Wednesday, April 6, 2005

An African Fairy Story

An African Fairy Story

Crawling from the hole beneath its tree one hot afternoon, snake moved across the hot ground and curled its way round the door of the hut, where inside grandmother was telling the children a story.

All the young children sat around her. Only Jessica saw the snake come in. She sat staring at it, transfixed, but did not call out or tell the others, as the snake curled up in one corner and stared at Jessica, unblinkingly. Jessica was sure it would bite her if she took her eyes off it, or worse, it might disappear and make its home in grandmother’s slippers.

The rest of the children listened as grandmother told her story.
" When he was a young boy Steven and his sister Danya left home looking for their mother. It was a hot summer’s day just like this one and they turned in every direction calling "Mother, where are you?" A snake disturbed by the noise decided that because no one was looking after the children that he should look after them.

He called out to them, but the only reaction he got was a stunned silence.
What snake did not know is that children sometimes forget they can talk to all living things, and when they grow up they forget how altogether.

At first the children were afraid of him but he managed to calm them. He convinced them that snakes are not as bad as grown ups make them out to be. To prove it, he invited them into the hole in the ground, where he lived. At first they did not want to follow. Steven was scared of the dark, but he was more thirsty than scared. The hole looked cool and it looked like a good place to hide from grown-ups.

Once inside there was a long tunnel that led to the snake’s house. Some parts were very narrow, but it wasn’t nearly as dark as Steven had thought. Besides he had to be brave for his little sister. The tunnel was lit by fireflies that buzzed from side to side like fairies from his grandmother’s stories.

They proved impossible to catch and made his sister giggle.

When they arrived at the snake’s house he made them something cold to drink that was both bitter and sweet. It was smooth and cool and made them feel better. He gave Steven a very smart hat that he said was magic. To Danya he gave a pennywhistle, and he showed her how to play. Every time she played on it, the snake would fall asleep, so they were sure the flute was a magical one.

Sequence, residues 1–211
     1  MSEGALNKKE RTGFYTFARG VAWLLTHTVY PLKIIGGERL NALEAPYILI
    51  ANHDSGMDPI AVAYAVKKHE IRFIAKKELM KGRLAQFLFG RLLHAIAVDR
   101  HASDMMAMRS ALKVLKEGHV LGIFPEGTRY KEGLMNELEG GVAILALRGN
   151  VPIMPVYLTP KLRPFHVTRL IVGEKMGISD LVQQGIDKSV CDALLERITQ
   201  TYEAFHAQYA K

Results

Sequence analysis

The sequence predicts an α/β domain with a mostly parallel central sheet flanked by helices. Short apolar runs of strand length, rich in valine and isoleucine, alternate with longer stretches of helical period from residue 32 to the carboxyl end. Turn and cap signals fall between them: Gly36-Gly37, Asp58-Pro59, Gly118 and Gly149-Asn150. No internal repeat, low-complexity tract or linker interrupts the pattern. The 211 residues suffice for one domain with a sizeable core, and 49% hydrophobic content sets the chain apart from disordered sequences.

Many times they would visit the snake’s house usually when the grown-ups were not looking as grown-ups don’t understand such things. They would sometimes drink tea, or the snake would tell them stories or give them difficult but fun tasks, like puzzles to do.

Sometimes Danya would play her pennywhistle until the snake fell into a deep sleep, before they would return again to the world of people.

They never did tell grown ups about the snake even when they became grown ups themselves and when they were too old to fit down the snake hole to visit, but all of them lived happily ever after."

So grandmother finished her story. They begged her for another. Age and life had made her weary though and she could be as stubborn as the children sometimes.

It was just as she said, "Next time children", when the hut filled with a scream. One of one of the youngest children, a bully of a boy, had seen the snake.

His name was Clarence. He liked to pull the wings off butterflies while they are still alive.

All the other children screamed, some because Clarence had, some as they also saw the snake in the corner, but mostly because they didn’t know what was going on.

Quick as lightning Clarence grabbed a stick and hit the snake on the head, killing it instantly. Soon other boys joined in until the body of the little snake was broken even though it was in one piece.

Grandmother bent down, picked up the snake and shoe-ed the children all away. They ran to tell the grown ups what al the excitement was about.

Only Jessica stayed in the shadows of the hut, too scared because of all the screaming to move.

She watched grandmother pick up her walking stick and walk slowly, painfully out across the courtyard. Jessica was nearly eight, but had never seen grandmother leave the kraal. So she hid in the doorway and watched as the old lady went through the gate and started to climb the hill.
Half way up she paused beside a thorn tree. She looked around to see if anyone was watching but Jessica made sure she could not be seen. Grandmother put the dead snake into a dark hole in the ground and reaching into the folds of the clothes, closest to her heart, she took out a pennywhistle and started to play.

Tim Narraway 2003

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